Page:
Given his track record of incidents and altercations, my question is: how can so many teams and related executives have continued to give this man so many chances and employ him in baseball?  It appears that Bradley wore out his welcome in almost every city he played in and lasted only 1-2 years at a time at most stops.  The lifetime statistics are good- .272 average, .366 obp, .443 slg, but not great.  Bradley though was never a particular strong home run hitter, did not drive in or score many runs and did not steal many bases.  He did a lot of things, but none exceptionally well.  A constant malcontent and injury prone player, team after team acquired him only to be left with egg on their faces.

Then again I ask, why the fascination with Bradley?  How did he manage to have a career that lasted this long?  Simple.  Everyone wants to be considered a genius, to have a breakthrough.  Imagine the person that is able to motivate, settle down Bradley and extract all the talent out of him and turn out the results that were expected of him.  That executive would succeed where all else have failed and that is saying a lot.  One by one some great minds in baseball set out to achieve this result and one by one, each failed.  The closest achieved result was in Texas, where the Rangers led by Ron Washington were able to get an all-star year out of Bradley where he kept his nose clean for the most part and produced.   Did the Rangers lock him up that offseason.  No.  They thanked their stars for getting the results they did and left the relationship on a high note.  The result?  Bradley I read in reports contacted the Cubs during that offseason and expressed his desire to play for Chicago.  The Cubs were apparently so moved by his sincerity and gesture that they chose to sign Bradley over other available similar free agents Raul Ibanez and Adam Dunn.  Yikes.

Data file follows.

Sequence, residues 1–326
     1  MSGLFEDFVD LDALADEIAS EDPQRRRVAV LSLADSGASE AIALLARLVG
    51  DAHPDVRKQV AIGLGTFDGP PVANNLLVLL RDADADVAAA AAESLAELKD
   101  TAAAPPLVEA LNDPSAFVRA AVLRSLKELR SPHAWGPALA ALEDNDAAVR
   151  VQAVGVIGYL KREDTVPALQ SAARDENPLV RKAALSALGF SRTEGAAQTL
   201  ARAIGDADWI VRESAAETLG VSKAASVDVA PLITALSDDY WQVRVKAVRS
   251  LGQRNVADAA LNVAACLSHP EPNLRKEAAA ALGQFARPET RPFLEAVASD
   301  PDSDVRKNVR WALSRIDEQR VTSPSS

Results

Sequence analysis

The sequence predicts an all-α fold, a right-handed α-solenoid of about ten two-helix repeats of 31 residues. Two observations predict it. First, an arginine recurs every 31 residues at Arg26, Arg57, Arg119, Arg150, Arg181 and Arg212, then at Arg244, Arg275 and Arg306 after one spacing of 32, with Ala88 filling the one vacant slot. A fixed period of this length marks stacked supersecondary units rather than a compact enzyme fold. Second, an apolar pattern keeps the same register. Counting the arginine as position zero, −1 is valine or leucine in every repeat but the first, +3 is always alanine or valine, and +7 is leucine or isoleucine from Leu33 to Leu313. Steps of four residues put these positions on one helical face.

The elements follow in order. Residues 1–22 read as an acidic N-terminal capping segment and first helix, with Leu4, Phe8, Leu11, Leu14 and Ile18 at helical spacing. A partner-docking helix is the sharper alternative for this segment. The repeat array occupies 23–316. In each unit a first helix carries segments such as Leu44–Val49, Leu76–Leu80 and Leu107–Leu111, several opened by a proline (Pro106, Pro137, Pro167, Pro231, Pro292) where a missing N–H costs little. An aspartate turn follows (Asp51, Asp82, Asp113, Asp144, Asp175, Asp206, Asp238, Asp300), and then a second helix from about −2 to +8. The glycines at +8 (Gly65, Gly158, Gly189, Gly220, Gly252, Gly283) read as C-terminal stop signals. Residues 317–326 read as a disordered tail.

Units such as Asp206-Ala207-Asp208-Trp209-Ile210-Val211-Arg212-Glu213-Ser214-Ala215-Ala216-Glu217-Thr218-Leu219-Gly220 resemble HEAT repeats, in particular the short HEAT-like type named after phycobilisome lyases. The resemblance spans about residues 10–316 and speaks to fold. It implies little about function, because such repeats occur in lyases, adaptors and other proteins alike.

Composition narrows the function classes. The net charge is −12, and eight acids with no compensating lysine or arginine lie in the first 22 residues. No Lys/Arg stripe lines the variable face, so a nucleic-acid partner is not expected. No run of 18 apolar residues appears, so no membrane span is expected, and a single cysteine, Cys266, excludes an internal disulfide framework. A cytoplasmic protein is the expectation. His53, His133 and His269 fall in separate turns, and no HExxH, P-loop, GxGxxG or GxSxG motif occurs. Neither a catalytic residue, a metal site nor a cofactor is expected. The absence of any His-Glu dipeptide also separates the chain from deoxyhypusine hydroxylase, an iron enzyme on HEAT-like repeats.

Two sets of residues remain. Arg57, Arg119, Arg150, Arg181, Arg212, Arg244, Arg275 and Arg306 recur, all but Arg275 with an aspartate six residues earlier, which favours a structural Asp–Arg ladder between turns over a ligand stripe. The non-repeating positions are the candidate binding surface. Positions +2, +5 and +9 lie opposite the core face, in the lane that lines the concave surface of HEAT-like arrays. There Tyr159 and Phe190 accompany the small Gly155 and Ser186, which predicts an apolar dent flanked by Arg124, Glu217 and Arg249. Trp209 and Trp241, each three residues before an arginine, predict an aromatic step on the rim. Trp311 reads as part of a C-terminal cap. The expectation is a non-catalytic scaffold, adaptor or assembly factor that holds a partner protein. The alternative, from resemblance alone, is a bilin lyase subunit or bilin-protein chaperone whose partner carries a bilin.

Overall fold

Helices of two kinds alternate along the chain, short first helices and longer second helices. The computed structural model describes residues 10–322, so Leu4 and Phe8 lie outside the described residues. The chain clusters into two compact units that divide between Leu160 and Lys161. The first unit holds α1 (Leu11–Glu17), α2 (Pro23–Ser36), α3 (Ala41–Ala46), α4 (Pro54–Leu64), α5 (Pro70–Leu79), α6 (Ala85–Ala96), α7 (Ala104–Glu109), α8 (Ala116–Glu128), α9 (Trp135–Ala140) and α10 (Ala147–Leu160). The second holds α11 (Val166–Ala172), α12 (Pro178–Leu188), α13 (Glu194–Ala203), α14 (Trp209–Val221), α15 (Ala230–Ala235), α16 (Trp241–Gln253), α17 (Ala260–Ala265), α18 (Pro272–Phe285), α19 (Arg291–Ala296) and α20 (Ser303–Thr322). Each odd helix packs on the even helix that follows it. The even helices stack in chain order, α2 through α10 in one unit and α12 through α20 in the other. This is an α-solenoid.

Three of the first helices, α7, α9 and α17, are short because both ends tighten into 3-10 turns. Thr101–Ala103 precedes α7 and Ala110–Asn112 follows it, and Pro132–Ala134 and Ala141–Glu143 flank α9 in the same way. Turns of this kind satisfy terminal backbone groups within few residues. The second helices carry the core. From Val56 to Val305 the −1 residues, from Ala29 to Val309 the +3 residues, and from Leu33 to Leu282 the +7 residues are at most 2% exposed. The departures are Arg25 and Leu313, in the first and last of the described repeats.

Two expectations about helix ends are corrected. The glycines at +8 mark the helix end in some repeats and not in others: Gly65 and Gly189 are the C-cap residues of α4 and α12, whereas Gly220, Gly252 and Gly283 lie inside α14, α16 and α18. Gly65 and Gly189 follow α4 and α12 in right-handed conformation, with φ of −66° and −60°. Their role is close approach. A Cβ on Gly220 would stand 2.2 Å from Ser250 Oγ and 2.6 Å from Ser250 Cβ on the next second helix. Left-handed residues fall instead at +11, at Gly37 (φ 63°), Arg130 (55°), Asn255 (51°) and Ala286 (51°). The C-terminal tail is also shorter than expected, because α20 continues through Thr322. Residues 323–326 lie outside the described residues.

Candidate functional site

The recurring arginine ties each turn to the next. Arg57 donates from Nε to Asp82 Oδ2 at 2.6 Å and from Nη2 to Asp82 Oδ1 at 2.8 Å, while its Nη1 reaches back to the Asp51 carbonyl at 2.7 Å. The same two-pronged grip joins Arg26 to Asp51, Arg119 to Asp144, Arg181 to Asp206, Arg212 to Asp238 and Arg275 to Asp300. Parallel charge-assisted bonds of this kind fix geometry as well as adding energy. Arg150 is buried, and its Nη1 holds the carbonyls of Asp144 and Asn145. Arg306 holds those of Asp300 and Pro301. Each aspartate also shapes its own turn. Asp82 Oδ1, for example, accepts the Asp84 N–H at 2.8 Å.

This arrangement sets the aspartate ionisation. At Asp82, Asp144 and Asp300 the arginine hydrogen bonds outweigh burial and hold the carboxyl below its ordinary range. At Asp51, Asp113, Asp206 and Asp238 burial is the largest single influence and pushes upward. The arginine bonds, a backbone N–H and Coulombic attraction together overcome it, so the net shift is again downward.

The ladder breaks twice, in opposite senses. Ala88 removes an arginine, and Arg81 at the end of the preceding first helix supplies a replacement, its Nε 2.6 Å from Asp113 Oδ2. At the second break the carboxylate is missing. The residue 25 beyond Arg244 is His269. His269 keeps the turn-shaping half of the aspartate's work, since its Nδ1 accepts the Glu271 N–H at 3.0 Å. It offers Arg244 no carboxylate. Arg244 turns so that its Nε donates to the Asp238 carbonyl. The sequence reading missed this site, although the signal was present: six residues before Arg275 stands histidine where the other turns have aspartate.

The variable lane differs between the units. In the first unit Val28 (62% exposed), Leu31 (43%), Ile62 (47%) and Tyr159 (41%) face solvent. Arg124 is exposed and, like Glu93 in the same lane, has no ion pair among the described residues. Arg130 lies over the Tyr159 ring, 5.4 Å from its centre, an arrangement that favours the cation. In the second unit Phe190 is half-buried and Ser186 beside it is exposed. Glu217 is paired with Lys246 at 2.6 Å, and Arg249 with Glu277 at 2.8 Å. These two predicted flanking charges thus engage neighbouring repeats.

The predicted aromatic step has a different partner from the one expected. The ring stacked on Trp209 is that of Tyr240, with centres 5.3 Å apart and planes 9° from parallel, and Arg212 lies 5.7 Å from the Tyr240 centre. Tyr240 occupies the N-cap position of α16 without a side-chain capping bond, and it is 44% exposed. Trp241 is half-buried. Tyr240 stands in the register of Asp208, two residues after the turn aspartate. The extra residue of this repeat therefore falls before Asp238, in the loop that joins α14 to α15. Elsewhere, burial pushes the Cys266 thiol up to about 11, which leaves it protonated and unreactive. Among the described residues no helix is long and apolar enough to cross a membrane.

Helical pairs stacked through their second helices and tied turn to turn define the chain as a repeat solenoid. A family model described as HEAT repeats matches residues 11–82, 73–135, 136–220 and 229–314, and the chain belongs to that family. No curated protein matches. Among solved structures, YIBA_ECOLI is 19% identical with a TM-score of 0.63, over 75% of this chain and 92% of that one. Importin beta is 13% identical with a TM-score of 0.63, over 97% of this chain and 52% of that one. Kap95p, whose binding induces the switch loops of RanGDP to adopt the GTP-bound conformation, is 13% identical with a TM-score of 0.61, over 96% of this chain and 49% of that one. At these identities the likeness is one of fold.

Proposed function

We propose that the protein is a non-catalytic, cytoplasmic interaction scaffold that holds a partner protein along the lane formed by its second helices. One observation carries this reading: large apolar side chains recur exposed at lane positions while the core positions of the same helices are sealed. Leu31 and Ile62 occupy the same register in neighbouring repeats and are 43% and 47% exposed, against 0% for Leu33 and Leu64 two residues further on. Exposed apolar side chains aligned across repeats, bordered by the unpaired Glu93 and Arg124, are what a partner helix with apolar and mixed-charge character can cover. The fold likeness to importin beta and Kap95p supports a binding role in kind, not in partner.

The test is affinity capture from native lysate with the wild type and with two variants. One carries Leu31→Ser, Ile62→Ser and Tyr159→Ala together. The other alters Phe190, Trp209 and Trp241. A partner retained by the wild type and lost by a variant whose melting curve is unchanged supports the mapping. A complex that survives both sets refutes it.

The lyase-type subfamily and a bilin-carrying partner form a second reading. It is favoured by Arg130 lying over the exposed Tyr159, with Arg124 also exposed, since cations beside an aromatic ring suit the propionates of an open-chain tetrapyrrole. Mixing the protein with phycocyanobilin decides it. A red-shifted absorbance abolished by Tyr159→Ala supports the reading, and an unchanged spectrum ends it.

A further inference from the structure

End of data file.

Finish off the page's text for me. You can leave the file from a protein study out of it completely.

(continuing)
When news spread of the Cubs signing of Bradley to his monster contract, people in the industry were floored.  The common theme that arose was “nothing good can come of this” and sure enough, nothing did.

As we are now in the year 2011 and Bradley has paid his bail and is now back resting at home, the reality is that this is a baseball player at the end of his rope.  He has now played and been blacklisted on 26% of the MLB teams and the other 74% have taken note.  We have entered a new era of major league baseball, one where speed, defence and youth has a higher premium than it did compared to recent years.  Older, slower, defensively inclined players have been pushed aside for younger, cheaper talent.  As we stand today, Manny Ramirez, Vlad Guerrero and Johnny Damon are still looking for work.  I’m sure the Mariners have a team of lawyers working as we speak trying to find a way to void Bradley’s contract.  If unsuccessful, we will probably see a release of him as the final footnote to his career.  If Vlad can still be unemployed given his strong showing last year the Rangers, teams will equally have no issue leaving Bradley dangling on the waiver wire.

In my era we have seen Joey/Albert Belle, Carl Everett, Manny Ramirez and now Milton Bradley sideshows in baseball.  Train wrecks that people criticize but can’t stop watching.  I believe executives are getting smarter and more sophisticated in judging character and personality before drafting and promoting players.  As we stand in the new MLB, we will see fewer, if any, Milton Bradleys in baseball.  Baseball executives will choose not to play “operation” with their teams and their own baseball careers.  Happy trails Milton Bradley.  The game will continue, just with a different player in your place.

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Welcome to Our First Ever Article: Aaron Hill, Aaron Hill: Where Art Thou Aaron Hill?

MLB reports:  Greetings Readers,

Based on my early run on twitter, welcome to the 1st official article entry for Please feel free to suggest topics, otherwise I will pick topics at random that interest me and I think you will enjoy.  Also all feedback is welcome, please message me any time.

So on to the article. With the help of one of my new resources, the Bill James Handbook 2011 (enjoy the plug Mr. James), I now jump into the mystery that is Aaron Hill.

2009 represented Aaron’s breakout year. A season where Hill led the AL in 682 ABs and played in all but 4 of the Jays games. 195 hits, 37 doubles, 36 home runs, 340 total bases, 103 runs, 108 rbis, .286 average and .499 slug. Fast forward to 2010. Jays fans believe the second coming of Joe Morgan is emerging in Toronto and that Hill would be the new face of this once proud franchise in the midst of rebuilding. What they got instead was the second coming of Russ Adams (exaggeration, of course, but you know what I mean). Look at Hill’s 2010 numbers last season: 108 hits, 22 doubles, 26 home runs, 208 total bases, 70 runs, 68 rbis, .205 average, .394 slug. So the question is: Which is the real Aaron Hill, the 2009 or 2010 models?